Devastating Pak floods have helped bring compensation demands to forefront ahead of the summit
As demands for compensation to poorer nations by the richer countries, as culprits for wreaking earth’s climate, grow, the United States, one of the main contributors of greenhouses gases, has said it is open to talks on the “contentious climate financing”.
While speaking about the United States’ international climate efforts ahead of COP27, the upcoming 2022 United Nations Climate Change Conference, at the Council on Foreign Relations in Washington on Tuesday, John Kerry, Special Presidential Envoy for Climate said the US was open to seeking a middle ground on a controversy that threatens to overtake an upcoming world climate summit.
There is a growing demand from poorer countries that the United States and other richer countries pay compensation as they are responsible for wrecking the earth’s climate.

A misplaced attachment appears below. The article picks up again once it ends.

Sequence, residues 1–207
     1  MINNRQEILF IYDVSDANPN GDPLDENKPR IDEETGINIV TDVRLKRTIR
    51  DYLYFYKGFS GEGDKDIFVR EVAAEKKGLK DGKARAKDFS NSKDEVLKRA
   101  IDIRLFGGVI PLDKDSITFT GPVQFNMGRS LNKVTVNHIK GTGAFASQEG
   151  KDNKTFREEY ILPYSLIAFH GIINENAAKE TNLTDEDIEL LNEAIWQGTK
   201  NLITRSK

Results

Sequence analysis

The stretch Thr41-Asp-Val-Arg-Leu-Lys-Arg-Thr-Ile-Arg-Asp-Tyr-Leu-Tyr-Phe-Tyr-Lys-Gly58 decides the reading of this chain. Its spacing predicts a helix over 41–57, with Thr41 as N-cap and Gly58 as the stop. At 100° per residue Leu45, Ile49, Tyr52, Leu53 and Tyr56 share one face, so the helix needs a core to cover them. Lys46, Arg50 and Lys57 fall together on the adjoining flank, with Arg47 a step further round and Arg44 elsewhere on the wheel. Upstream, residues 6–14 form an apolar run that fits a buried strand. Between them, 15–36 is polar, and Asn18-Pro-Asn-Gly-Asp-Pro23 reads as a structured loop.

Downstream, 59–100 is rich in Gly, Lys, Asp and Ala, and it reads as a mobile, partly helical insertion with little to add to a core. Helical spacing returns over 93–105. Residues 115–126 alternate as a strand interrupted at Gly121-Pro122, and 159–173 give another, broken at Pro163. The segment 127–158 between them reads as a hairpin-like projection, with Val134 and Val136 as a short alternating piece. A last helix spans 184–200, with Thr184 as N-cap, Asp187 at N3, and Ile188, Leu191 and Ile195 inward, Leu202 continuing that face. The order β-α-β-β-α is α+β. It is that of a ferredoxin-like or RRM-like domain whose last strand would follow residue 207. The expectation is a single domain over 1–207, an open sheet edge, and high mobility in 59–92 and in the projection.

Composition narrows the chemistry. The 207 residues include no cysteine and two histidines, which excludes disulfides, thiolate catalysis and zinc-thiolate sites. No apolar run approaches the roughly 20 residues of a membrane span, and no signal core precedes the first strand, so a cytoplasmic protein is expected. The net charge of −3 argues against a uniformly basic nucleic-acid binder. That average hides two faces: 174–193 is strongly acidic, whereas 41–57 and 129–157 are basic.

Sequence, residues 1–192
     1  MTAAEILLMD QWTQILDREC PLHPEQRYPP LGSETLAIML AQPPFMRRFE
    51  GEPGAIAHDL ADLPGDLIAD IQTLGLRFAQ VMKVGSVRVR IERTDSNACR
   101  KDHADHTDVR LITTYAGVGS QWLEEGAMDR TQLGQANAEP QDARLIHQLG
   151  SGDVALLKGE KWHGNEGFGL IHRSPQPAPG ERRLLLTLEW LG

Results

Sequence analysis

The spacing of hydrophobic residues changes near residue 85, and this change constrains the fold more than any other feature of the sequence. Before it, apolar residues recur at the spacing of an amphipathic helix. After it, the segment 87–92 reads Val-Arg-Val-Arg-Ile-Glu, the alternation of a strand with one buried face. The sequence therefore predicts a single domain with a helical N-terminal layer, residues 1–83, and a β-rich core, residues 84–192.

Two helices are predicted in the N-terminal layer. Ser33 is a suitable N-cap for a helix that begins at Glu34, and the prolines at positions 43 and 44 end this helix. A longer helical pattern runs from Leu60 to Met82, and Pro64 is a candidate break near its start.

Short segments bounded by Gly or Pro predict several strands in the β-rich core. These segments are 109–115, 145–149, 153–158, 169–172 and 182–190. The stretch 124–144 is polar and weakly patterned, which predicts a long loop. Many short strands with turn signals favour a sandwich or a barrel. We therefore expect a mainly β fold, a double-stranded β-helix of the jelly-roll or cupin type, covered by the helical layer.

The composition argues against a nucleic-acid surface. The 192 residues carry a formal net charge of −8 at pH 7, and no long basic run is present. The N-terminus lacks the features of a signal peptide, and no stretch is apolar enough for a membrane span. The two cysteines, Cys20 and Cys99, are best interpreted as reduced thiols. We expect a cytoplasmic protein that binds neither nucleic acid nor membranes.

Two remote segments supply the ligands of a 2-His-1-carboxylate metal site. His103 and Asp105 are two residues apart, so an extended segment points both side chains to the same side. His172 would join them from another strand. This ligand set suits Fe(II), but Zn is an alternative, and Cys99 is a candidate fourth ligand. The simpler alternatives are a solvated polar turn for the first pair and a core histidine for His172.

The demand for climate financing has got traction, especially since the devastating Pakistan floods that has killed more than 1,000, displaced half a million people, and caused an estimated $40 billion in damage.
The Pak floods have helped bring the compensation demands to the forefront ahead of the climate summit.
As per one estimate by the experts, economically struggling Pakistan historically has contributed just 0.4% of the fossil fuel pollution responsible for climate damage, compared to 21.5% by the U.S., 16.5% by China, and 15% by the European Union.
“We believe we have to step up, and we have a responsibility. We accept that,” Kerry told reporters after an appearance at the Council on Foreign Relations, two weeks ahead of the annual U.N. climate conference, this time in Egypt’s Sharm el Sheikh. With emissions from coal, oil, and natural gas threatening to break through the threshold set in the Paris climate accord, the Biden administration and others are eager to keep summit negotiations on track for deeper emission cuts.